Didn't the writer mean "scuttle"? he asks, citing Merriam-Webster's Online Dictionary. There scupper is defined as "an opening cut through the bulwarks of a ship so that water falling on deck may flow overboard" while scuttle means "sink or attempt to sink [a ship] by making holes through the bottom" and also "destroy, wreck or scrap."
Under scupper the verb, however, M-W does give the sense "do in" -- a sense that's way more common in British English than American. (And yes, Chris Brummitt -- judging by his appearance on "The PBS NewsHour" -- speaks British English.) A Nexis news search returns just three uses of scupper in the past month in US newspapers and wires, versus roughly 400 in UK publications.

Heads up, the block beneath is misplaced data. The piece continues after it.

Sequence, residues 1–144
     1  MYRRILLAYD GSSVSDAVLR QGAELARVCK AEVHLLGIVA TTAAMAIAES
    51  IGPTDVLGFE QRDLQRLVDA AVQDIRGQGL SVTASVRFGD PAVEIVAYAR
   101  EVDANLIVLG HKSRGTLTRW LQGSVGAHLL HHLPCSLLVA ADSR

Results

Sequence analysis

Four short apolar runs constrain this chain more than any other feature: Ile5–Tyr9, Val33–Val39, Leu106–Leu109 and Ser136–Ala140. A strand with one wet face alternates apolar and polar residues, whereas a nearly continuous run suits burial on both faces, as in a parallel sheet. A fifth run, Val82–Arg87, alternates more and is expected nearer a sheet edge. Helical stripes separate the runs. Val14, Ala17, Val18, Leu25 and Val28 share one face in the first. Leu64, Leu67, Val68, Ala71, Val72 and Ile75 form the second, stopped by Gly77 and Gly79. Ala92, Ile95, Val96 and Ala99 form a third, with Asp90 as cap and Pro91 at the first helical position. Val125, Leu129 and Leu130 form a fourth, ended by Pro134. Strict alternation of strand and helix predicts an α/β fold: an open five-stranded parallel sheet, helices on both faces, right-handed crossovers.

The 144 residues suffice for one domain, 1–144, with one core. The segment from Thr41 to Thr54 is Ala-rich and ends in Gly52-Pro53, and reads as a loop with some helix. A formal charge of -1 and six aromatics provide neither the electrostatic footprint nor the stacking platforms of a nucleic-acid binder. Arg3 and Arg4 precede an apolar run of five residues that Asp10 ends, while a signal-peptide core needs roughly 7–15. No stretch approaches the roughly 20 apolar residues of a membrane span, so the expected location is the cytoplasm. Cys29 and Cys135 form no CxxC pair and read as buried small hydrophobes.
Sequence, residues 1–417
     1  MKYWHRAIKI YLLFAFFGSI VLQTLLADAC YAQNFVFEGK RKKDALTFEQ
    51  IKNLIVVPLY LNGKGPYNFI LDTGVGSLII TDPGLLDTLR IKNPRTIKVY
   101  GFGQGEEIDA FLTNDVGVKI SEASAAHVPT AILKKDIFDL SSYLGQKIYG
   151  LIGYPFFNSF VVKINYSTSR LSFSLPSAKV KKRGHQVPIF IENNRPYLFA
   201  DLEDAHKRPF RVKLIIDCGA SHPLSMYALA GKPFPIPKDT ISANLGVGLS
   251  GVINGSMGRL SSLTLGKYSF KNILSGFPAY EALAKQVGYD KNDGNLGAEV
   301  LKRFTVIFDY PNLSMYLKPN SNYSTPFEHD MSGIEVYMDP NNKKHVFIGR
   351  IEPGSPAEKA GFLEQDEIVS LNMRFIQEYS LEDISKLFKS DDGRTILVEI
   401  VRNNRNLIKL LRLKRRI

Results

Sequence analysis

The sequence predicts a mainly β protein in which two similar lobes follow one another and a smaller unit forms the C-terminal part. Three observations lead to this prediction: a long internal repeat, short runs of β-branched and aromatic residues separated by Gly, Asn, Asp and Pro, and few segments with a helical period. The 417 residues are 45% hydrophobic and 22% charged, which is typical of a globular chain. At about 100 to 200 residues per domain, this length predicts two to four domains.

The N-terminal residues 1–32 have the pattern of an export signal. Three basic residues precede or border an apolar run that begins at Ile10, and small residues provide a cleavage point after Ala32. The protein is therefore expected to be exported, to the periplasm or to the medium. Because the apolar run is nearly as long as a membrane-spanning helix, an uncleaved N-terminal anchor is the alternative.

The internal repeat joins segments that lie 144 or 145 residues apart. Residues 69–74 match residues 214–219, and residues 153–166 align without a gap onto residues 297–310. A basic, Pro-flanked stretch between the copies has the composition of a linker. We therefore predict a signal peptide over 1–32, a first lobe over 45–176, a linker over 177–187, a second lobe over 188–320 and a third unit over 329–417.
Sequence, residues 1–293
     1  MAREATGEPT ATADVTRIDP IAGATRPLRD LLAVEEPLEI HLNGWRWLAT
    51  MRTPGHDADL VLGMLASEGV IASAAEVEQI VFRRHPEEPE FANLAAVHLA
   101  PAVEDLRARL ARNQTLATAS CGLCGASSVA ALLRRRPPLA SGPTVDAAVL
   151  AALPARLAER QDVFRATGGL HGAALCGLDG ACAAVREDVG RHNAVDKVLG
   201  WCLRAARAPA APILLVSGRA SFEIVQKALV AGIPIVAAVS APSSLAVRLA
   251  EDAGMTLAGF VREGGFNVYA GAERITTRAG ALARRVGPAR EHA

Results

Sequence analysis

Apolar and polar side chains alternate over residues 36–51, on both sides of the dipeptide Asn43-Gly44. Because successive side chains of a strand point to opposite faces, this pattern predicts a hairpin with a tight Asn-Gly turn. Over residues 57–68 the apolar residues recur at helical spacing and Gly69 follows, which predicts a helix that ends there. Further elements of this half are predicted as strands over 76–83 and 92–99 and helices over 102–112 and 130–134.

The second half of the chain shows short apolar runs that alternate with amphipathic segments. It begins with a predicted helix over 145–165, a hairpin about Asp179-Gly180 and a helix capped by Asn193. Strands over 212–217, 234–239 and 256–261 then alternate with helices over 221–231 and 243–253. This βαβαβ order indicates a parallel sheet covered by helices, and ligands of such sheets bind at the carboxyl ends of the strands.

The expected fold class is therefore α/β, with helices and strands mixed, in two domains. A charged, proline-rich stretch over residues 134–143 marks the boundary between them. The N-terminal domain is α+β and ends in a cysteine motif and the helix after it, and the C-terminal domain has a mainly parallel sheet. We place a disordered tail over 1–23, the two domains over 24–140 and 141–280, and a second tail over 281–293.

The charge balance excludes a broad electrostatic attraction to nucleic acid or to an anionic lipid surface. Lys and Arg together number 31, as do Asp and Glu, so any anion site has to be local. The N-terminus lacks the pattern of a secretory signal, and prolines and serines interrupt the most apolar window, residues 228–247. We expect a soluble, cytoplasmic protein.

Scupper has somewhat murky origins, it's true. The OED's first sense for the verb is "To surprise and massacre," a usage labeled military slang and dating to 1885. The meaning "defeat, ruin" shows up by 1918, but the first guess at etymology comes only later, with the 1993 additions to the dictionary: "The connection [to the noun scupper] is perh[aps] explained by Fraser & Gibbons Soldier & Sailor Words (1925)," which noted that "A man killed in action or falling in heavy weather would naturally roll into the scuppers."
The 1993 additions also include a new definition of scupper, dated to the 1970s: "To sink (a vessel) deliberately; = SCUTTLE
So in the OED's view, "scupper a ship" is a (fairly recent) mistake for "scuttle a ship." But "their plans were scuppered" is standard usage, nearly a century old.
I'm going to nominate scupper vs. scuttle for Lynneguist's "Difference of the day." Thanks for the tip, Paul!